1 Top Canadian Energy Stock to Buy on a Pullback

Investors should keep some powder dry for a correction in the oil market.

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Oil prices fell this week and more downside could be on the way in the near term. Energy stocks could give back some gains, giving investors who missed the rally a chance to buy top Canadian producers at undervalued prices.

Oil market outlook

The price of oil gave back some gains in recent days. Traders are waiting to see what the U.S. government will do to increase supply and reduce prices.

President Joe Biden is in a tight spot. The White House tried to get OPEC+ to speed up its planned supply increases, but the consortium said it intends to stay the course on its current schedule, indicating the plan provides stability in the market and will bring global supply back to a surplus position in 2022. High costs at the pump are bad for ratings. At the same time, the U.S. is trying to support reductions in greenhouse gasses. Encouraging more oil production contravenes that mandate.

Whether it is a release of U.S. strategic petroleum reserves (SPR), an end to the requirement to combine gasoline with biofuel, or reducing U.S. exports, the U.S. government will likely make a move in the near term.

The result could be a sharp drop in the price of oil. West Texas Intermediate (WTI) trades near US$80 per barrel at the time of writing. A pullback to US$70 wouldn’t be a surprise in the coming weeks.

Why buy top energy stocks on a dip

A correction would give investors a chance to buy top Canadian oil and gas producers at a discount. Oil demand in 2022 and the following two or three years should be robust. At the same time, the market might be overestimating the ability of OPEC+ and other producers to meet the demand surge. A lack of investment in exploration and development in the past two years could lead to a supply squeeze by 2025, even if the taps are wide open.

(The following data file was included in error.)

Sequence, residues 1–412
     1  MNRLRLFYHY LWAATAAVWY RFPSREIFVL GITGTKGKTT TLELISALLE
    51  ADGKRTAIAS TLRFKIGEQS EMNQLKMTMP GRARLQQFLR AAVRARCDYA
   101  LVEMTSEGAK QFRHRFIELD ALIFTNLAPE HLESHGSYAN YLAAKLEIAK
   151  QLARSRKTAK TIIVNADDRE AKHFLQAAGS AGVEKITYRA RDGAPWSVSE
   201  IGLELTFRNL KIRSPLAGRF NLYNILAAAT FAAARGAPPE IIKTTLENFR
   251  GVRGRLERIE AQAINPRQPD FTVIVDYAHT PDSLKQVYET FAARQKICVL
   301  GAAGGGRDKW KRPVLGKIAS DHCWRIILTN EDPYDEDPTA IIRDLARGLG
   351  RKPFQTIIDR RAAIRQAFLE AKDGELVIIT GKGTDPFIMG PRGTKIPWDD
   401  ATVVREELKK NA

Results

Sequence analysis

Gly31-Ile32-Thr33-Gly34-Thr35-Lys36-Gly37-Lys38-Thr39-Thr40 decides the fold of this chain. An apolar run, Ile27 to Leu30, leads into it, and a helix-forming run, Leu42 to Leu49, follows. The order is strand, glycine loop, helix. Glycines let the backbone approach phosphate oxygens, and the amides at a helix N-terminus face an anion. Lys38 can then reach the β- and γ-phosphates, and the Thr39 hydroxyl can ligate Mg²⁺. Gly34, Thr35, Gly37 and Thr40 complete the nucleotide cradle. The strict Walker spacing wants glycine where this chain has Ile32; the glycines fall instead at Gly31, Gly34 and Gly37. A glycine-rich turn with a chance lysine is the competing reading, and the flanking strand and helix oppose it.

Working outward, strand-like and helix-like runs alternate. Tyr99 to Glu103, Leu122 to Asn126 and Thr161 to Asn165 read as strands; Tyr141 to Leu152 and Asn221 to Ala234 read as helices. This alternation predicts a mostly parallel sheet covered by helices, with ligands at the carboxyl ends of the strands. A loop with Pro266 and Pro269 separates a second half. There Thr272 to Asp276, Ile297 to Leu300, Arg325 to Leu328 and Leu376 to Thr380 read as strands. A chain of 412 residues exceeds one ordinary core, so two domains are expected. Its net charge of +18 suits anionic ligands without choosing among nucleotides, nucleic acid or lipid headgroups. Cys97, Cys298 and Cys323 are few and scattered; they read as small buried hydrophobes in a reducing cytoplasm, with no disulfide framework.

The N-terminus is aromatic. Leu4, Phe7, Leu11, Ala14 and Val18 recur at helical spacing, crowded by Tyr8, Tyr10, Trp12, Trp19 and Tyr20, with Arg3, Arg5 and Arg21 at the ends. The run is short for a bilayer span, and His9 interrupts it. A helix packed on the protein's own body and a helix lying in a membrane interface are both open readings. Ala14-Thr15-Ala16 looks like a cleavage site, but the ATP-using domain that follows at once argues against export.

As such, the medium-term outlook for oil prices should be positive.

If WTI oil simply averages US$70-$80 per barrel, oil companies will continue to generate strong profits and raise their dividends.


Suncor (TSX:SU)(NYSE:SU) underperformed its peers in the past year, but the strong Q3 2021 results suggest the company is back on track. Funds from operations came in at $2.6 billion and the company reported $1.04 billion in operating profits for the three months.

The refining and retail businesses are benefitting from the surge in fuel demand and should deliver strong revenue and profits in 2022. Suncor’s production costs have declined in recent years and operational issues at two of its oil sands sites are being fixed.

The board raised the dividend by 100% when the Q3 results came out. This brings the payout back to the 2019 level. Suncor is also repurchasing up to 7% of its outstanding shares under the current share buyback plan and is reducing debt faster than expected.

Investors who buy the stock at the current price near $32 can pick up a 5.25% yield. A dip below $30 should be viewed as an opportunity to add to the position.

This article represents the opinion of the writer, who may disagree with the “official” recommendation position of a Motley Fool premium service or advisor. We’re Motley! Questioning an investing thesis — even one of our own — helps us all think critically about investing and make decisions that help us become smarter, happier, and richer, so we sometimes publish articles that may not be in line with recommendations, rankings or other content.

The Motley Fool has no position in any of the stocks mentioned. Fool contributor Andrew Walker owns shares of Suncor.

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